So why wasn’t inflammatory arthritis included in the calculator? Eric Matteson, MD, chair of the division of rheumatology at Mayo Clinic, says, “I think it is because the guideline authors don’t think there is enough evidence about the effect of statins on inflammatory conditions, above and beyond what is already known about the benefits of statins for people with high cholesterol, diabetes and the other conditions identified in [the risk calculator].”

Because of  that omission, “the new guidelines would likely result in fewer RA patients being treated than actually would benefit from a statin,” says Dr. Giles.

If you have inflammatory arthritis, your doctor should recognize that you are at increased risk for CVD, and “do whatever is best to get inflammation under control, and that is usually a statin,” says Dr. Pisetsky.

Dr. Matteson adds, you as a patient should talk to your doctor about your possible heart disease risk.

While the guidelines may underestimate the danger in some, they have sparked a heated controversy because they may overestimate it in many others. According to Dr. Matteson, “There is concern that 7 to 8 percent of people who are not at risk for cardiovascular disease may be identified by the risk calculator as being at risk, and put on statins unnecessarily.”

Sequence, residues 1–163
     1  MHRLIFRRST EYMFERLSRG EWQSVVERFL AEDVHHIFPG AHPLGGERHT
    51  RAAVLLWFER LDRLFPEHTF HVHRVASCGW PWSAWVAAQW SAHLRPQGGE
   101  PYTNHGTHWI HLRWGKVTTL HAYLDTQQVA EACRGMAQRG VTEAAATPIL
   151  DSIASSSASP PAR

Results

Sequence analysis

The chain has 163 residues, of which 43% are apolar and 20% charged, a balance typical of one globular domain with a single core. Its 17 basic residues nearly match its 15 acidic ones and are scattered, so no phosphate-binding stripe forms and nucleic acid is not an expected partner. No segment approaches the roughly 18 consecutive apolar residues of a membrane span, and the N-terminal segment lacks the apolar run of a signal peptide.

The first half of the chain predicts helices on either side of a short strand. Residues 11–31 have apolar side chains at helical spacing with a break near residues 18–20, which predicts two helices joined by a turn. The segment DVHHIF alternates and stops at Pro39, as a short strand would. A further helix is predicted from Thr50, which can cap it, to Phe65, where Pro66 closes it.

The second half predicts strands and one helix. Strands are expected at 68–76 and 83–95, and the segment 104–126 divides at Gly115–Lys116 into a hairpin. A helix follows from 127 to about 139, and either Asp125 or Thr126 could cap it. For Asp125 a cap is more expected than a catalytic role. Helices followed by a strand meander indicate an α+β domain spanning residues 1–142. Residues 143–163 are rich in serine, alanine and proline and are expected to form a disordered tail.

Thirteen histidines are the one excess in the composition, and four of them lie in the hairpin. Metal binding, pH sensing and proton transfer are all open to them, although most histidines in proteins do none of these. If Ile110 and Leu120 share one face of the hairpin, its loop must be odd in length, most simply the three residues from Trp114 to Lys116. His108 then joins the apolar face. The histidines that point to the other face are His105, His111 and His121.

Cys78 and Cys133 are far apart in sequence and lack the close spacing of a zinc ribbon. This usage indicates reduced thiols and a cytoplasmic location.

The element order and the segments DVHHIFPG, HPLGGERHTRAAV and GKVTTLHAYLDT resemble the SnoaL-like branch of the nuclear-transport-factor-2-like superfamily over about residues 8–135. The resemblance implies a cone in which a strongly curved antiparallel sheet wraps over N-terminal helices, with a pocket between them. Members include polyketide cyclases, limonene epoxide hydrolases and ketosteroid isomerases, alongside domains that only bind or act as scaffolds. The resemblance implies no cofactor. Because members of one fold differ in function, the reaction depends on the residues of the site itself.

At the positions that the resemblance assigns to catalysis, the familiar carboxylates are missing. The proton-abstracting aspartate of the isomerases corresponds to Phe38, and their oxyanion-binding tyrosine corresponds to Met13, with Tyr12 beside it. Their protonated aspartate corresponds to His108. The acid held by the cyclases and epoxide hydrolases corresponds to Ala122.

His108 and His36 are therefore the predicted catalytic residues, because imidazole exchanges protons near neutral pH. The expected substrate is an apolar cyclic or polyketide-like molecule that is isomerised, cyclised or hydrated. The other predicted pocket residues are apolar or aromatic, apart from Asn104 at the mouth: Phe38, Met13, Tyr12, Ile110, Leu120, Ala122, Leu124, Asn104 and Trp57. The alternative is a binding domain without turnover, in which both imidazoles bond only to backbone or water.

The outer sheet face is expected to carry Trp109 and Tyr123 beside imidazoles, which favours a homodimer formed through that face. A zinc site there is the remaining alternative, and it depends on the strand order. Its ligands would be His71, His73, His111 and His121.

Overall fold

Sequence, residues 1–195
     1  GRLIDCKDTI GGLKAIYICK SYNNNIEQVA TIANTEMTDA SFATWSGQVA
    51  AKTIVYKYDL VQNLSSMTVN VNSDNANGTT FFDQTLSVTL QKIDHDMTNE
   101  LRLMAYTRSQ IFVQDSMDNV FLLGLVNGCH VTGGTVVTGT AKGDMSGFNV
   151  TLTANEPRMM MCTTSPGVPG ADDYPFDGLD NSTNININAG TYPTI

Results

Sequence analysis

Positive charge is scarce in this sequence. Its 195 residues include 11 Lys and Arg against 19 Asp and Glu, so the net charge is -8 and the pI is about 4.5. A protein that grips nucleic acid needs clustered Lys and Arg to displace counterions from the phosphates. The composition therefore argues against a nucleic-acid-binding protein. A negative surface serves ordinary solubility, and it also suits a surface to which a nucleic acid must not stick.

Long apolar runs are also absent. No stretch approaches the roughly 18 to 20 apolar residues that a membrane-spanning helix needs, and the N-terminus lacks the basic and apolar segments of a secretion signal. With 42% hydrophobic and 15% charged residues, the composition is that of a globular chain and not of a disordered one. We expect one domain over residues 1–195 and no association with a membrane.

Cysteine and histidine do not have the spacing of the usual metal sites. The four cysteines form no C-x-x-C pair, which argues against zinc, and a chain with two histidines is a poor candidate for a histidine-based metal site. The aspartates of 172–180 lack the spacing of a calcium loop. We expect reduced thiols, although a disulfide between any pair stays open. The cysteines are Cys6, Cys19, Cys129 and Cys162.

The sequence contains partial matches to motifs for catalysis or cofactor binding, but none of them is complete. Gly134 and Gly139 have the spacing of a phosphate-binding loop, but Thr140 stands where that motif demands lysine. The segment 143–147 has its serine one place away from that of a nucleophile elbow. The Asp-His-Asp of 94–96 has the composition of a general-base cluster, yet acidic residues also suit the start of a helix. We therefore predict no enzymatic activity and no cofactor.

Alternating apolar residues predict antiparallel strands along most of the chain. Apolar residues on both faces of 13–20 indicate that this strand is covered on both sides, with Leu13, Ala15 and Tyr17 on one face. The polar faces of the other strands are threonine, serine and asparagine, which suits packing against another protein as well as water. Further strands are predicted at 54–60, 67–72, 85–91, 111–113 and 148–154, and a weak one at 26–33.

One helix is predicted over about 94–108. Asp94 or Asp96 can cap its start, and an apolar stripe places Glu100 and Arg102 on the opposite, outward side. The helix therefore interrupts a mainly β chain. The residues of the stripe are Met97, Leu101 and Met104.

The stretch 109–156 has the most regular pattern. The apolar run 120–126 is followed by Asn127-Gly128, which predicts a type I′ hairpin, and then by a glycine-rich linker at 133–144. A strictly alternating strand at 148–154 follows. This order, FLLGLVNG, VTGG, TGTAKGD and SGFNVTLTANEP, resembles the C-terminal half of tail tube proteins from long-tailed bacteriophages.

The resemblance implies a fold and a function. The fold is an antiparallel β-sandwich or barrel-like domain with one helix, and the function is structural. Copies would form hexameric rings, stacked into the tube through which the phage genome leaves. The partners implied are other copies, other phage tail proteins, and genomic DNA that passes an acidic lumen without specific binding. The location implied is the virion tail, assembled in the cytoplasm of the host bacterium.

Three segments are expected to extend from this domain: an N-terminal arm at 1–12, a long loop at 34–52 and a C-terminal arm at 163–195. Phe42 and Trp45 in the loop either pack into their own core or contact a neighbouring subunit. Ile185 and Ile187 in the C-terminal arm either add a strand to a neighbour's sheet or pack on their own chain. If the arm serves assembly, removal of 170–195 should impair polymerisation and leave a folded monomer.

As Dr. Pisetsky explains it, “The new calculator has raised concern because it would lead to more treatment. But it may also lead to greater risk reduction.” The glitch, he says, is that “that’s not proven.”  

“To prevent an event,” says Dr. Pisetsky, “you’re always going to treat more people than you need to. The challenge is always to figure out what’s the right number –who to treat and who not to treat.” Not everyone is convinced that the calculator delivers the best answer.

Statins or no statins, the guidelines remind doctors and patients that lifestyle changes, such as eating right and getting regular exercise, are still important. “A primary message of the new guidelines is, ‘Heart healthy lifestyle habits are the foundation of [atherosclerotic cardiovascular disease] prevention,’” says Dr. Giles.